Before I tell you what call and put options are, I have to explain a little about currency options.
What exactly are currency options? It all begins when a buyer and seller create a contract where the buyer of the option gains the right to buy or sell a fixed amount of the underlying currency at a specified price on or before the expiration date. However, the buyer may or may not purchase or sell it.
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Call and Put Options Explained
To better understand currency options, we must know what elements they contain. First is the premium or the amount the buyer pays the seller. Second, there is the predetermined price also termed as the exercise price or strike price. Of course, all currency has its market value which is referred to as its spot price. Finally, there is the expiration date of the contract. If the buyer does not exercise the option by the expiration date, then he loses the premium to the seller.
Furthermore, it is essential to know about the two basic types of currency options. The buyer’s right to buy this currency at the strike price is known as the call option. From the buyer’s standpoint, he expects the strike price to rise, but the seller expects it to fall. Once the buyer is able to buy the currency for more than its spot price (market value), the buyer will then exercise the call option. Next, is the put option which allows the buyer to sell the currency at the strike price. Now the buyer is hoping that its market value will fall while the seller anticipates it to rise. It is then the buyer will exercise the put option when the spot price is less than the strike price.
Once a trader has established a currency call option, this person is able to purchase a given amount of currency for a specified price. For example, a call option may entitle the trader to purchase 300 JPY for $200 USD until the date this option expires.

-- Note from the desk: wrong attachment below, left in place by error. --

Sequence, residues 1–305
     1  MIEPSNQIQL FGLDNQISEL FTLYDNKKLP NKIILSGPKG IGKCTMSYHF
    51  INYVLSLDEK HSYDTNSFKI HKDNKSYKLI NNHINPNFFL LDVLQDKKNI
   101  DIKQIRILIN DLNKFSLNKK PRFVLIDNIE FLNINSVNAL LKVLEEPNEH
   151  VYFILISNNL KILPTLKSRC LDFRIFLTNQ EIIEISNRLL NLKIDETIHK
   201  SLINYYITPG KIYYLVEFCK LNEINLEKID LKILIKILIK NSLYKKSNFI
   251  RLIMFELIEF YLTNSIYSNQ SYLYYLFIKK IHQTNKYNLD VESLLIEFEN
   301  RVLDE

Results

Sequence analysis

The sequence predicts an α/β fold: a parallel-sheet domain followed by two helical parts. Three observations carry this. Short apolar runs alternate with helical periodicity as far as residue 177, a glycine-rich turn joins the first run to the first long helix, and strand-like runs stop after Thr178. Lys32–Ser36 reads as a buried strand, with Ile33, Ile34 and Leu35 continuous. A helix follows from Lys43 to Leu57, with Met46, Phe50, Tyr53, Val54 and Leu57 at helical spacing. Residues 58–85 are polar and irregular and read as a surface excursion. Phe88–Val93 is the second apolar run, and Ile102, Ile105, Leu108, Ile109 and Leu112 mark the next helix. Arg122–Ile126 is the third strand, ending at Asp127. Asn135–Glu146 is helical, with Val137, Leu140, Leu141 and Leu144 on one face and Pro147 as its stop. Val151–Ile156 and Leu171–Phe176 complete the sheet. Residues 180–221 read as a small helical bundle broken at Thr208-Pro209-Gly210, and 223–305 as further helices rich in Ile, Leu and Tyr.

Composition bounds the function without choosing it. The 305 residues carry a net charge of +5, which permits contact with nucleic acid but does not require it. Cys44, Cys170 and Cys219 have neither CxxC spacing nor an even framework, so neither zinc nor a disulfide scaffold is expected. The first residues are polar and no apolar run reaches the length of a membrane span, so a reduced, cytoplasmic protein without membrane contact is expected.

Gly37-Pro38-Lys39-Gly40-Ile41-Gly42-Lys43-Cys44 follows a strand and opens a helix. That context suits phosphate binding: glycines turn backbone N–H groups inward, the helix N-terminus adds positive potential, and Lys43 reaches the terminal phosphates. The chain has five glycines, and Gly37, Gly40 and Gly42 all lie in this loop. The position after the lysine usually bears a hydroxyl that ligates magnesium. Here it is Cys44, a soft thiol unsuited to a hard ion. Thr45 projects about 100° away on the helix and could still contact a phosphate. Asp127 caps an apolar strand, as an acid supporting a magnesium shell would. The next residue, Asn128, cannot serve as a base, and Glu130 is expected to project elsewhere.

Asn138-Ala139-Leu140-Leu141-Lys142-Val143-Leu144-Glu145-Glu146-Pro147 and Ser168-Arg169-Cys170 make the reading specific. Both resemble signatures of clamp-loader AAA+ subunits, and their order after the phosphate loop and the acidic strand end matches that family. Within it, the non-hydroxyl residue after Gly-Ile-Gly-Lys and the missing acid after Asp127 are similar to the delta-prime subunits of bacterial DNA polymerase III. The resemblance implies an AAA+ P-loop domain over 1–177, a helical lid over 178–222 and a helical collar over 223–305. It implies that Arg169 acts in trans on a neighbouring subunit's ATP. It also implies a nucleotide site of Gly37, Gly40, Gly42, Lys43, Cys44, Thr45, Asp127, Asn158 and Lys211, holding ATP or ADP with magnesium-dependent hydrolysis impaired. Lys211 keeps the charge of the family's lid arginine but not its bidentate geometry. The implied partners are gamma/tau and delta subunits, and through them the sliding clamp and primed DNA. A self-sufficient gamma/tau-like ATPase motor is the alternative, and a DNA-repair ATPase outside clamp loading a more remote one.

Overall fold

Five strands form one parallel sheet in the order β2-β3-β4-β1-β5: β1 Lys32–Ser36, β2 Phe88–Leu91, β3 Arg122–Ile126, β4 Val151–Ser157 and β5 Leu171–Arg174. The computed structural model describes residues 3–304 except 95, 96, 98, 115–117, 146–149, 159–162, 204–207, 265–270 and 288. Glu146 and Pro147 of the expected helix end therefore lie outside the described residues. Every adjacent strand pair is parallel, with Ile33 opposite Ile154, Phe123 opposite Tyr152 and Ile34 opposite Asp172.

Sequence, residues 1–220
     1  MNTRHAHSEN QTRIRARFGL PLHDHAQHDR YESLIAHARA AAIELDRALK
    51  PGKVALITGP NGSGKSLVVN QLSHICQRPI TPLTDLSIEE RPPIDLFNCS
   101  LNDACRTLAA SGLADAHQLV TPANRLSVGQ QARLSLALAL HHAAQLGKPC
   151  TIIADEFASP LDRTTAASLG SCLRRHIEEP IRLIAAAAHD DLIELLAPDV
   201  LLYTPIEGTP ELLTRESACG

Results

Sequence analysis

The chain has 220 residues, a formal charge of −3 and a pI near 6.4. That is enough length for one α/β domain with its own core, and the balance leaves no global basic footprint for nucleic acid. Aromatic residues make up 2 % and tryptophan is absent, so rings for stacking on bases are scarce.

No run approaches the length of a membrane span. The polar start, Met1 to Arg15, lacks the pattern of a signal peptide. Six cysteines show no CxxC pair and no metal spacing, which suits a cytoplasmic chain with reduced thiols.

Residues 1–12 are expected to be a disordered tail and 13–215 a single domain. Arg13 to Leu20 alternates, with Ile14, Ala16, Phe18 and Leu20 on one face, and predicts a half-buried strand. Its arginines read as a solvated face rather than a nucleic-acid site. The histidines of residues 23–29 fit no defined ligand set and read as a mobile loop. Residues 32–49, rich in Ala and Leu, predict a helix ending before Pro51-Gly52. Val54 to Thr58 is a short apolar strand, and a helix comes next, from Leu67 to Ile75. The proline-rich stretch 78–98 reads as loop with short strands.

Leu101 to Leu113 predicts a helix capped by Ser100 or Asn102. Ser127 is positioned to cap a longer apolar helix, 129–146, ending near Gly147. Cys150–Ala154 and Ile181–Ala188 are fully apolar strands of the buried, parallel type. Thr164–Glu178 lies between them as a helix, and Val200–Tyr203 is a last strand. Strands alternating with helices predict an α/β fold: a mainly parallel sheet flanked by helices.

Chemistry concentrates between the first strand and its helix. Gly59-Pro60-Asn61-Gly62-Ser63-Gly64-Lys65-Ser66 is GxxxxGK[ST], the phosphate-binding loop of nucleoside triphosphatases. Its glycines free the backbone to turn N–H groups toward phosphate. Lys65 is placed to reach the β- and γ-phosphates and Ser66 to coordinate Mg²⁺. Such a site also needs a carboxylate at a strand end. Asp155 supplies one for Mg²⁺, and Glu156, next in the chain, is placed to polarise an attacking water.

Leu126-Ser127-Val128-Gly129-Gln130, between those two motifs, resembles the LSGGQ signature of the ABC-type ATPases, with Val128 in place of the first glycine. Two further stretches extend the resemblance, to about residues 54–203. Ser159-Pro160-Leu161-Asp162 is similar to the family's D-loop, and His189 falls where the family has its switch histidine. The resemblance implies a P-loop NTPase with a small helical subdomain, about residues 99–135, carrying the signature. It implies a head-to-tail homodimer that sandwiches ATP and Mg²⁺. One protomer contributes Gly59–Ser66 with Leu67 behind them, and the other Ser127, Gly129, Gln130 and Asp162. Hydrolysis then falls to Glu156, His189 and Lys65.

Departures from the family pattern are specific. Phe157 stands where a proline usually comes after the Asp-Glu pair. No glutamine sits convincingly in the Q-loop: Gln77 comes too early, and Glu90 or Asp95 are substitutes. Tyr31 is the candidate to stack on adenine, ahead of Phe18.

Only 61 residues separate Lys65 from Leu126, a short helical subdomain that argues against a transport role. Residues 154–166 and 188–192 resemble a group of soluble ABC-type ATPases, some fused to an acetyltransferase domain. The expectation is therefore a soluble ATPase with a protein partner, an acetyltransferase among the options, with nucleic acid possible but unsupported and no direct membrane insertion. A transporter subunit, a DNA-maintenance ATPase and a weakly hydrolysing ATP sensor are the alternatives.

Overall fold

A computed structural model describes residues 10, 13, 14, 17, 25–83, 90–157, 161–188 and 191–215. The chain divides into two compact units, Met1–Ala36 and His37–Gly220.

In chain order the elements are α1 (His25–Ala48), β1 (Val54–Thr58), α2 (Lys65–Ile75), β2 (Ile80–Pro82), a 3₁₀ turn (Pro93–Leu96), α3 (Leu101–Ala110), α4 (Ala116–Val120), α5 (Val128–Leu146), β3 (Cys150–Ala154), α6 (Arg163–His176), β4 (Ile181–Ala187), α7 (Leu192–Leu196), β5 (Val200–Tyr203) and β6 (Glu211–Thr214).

On the other hand, a put option entitles the holder to sell a given amount of currency for a certain price. Thus, for instance, a trader can resell 400 EU for $200 USD during the life of the option.
CALL OPTION: buyer buys currency at strike price spot price > strike price
Call Option Example
For example, if a security is trading for $50 but you anticipate that it will go up to $60, you can buy a $55 call option for 20 cents. If the security rose to $60, you still can buy it at $55 even though it’s valued at $60, netting you a $4.80 profit per share. Likewise, the person that sold you the “call” would be obligated to sell you the security at $55 at a loss of $4.80. If the security never rises above $55 by the expiration date, the “call” expires as worthless and the “call” buyer is out 20 cents and the “call” seller keeps the 20 cents.
PUT OPTION: buyer sells currency at strike price strike price > spot price
Put Option Example
Now let’s assume that a security is trading for $50, but you believe it will go down to $40. You then could buy a $45 “put” option for 20 cents. If the security actually dropped to $40, this would enable you to sell the security at $45 even though it’s valued at $40, netting you $4.80 a profit on each share. Likewise, the person that sold you the “put” option would be obligated to buy the security from you at $45 and absorb a $4.80 loss. If the security never went below $45 by the expiration date, the “put” expires worthless and the “put” buyer is out 20 cents as the “put” seller keeps the 20 cents.
Making Currency Gains
The following are two simple tips to remember to ensure gains with currency option trades:
- As for the money options, purchase in or at them whenever possible. The greater difference between the strike price and the spot price means the less likelihood the there will be gains on this trade.
- The further away the expiration date, the better. The closer the ending date of the option gets, the faster time goes. Likewise, the option premium will be more likely to decay as the end gets near.
Hence, the main key in trading options is to have time on your side, even if the option costs are higher than those of say a week or less.
Does this sound simple enough? Now that you understand call and put options, you have even more power to trade on the stock or currency market. However, before exercising either option, do your research and don’t go overboard on trading. Consider options that have one month or possibly two until expiration.